Learn how to relieve stress and how you can utilise occupational therapy to aid in your recovery after suffering a heart attack.
A heart attack occurs when blood vessels that supply blood to an area of the heart is blocked.
The heart takes about 4 to 6 weeks to repair itself with scar tissue. While early physical activity is important to aid your recovery, you should also be mindful not to overstrain your heart.
Learn to take your pulse. You may perform physical activities of up to about 20 beats above your resting pulse rate.
Perform an activity up to moderate intensity (see Rate of Perceive Exertion scale).
When doing housework or exercise, start with 5-10 minutes at a time. You may increase the duration as you go along.
You may progress to an activity of higher METS if a lower METS activity feels easy.
Do not carry more than 10 kg.
Do not climb multiple flights of stairs at one go.
Do not carry a load when going upstairs.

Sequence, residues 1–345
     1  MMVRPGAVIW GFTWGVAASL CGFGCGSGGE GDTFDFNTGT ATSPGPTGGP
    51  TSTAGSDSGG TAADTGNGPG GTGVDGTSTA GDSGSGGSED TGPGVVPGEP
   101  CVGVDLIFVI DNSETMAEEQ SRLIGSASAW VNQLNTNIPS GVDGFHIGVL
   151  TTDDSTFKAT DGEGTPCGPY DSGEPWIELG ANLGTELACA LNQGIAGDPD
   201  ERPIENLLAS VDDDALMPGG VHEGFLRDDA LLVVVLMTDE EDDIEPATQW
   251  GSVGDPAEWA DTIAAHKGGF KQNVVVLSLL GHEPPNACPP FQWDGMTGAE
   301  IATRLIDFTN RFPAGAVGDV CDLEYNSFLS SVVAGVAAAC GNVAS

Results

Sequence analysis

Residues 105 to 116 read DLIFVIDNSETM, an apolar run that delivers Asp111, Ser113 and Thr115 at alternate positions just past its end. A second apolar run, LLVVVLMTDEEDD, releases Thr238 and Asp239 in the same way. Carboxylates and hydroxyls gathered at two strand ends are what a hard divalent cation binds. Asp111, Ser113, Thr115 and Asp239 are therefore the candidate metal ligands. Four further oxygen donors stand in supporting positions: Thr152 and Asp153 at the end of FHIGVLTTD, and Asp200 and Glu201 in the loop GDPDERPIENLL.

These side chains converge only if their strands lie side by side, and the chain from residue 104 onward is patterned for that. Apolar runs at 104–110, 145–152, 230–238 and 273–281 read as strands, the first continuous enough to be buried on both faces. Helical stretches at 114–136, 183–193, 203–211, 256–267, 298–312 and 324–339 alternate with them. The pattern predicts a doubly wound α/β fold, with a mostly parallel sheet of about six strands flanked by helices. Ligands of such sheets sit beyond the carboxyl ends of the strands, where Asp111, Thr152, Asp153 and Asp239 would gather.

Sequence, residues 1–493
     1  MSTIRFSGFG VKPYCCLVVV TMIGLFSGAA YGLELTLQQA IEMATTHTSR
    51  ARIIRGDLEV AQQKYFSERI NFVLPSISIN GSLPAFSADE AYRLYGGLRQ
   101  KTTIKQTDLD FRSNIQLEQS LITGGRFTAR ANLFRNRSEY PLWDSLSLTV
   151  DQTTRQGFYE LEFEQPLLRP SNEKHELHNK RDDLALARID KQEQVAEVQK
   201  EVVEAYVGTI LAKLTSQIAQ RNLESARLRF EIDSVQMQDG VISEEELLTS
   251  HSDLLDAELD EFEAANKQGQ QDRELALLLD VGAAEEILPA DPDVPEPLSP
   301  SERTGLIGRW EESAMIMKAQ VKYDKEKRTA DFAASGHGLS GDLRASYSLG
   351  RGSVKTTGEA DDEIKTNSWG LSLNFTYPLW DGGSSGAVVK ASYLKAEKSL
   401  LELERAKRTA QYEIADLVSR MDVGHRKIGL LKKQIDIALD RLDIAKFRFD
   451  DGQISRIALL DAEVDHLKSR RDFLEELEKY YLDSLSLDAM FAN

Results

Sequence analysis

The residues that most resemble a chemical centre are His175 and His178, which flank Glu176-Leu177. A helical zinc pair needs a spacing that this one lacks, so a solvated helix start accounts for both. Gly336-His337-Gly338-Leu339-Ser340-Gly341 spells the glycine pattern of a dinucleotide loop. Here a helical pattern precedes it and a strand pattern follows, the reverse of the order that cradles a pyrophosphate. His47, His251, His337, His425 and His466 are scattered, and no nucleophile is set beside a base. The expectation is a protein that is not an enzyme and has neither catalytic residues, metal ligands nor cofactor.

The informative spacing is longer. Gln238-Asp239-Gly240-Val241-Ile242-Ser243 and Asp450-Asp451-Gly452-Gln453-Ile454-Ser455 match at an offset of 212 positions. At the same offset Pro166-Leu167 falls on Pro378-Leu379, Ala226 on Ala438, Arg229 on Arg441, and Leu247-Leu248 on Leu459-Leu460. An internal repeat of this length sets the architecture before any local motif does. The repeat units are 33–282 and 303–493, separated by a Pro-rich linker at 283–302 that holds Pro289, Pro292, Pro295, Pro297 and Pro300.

Do not strain and hold your breath.
Do not hold arms above shoulder level for a long time.
Pick up and practice these stress management techniques:
Have a talk with family, friends, or other trusted advisors about your concerns and ask them for their support.
Take 15 to 20 minutes a day to sit quietly, breathe deeply and think of a peaceful scene.
Learn to accept things you can’t change. You don’t have to solve every problem.
Count to 10 before answering or responding when you feel angry.
Don’t use smoking, drinking, overeating, drugs or caffeine to cope with stress. These will only make things worse.
Look for the good in situations instead of the bad.
Exercise regularly. Do something you enjoy, like walking, swimming, jogging, golfing, walking a pet, tai chi or cycling. Check with your doctor to determine what activity level is right for you.
Think ahead of what may upset you and try to avoid it. For example, spend less time with people who bother you. If you’re still working or volunteering, cut back on your hours and adjust your schedule to avoid driving in rush-hour traffic.
Learn to say no. Don’t promise too much. Give yourself enough time to get things done.
Join a support group. For example, people with heart disease, for women, for men, for retired persons, or some other group you identify with.
Inform your doctor if you can’t cope on your own.
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This article was last reviewed on
Monday, January 4, 2021
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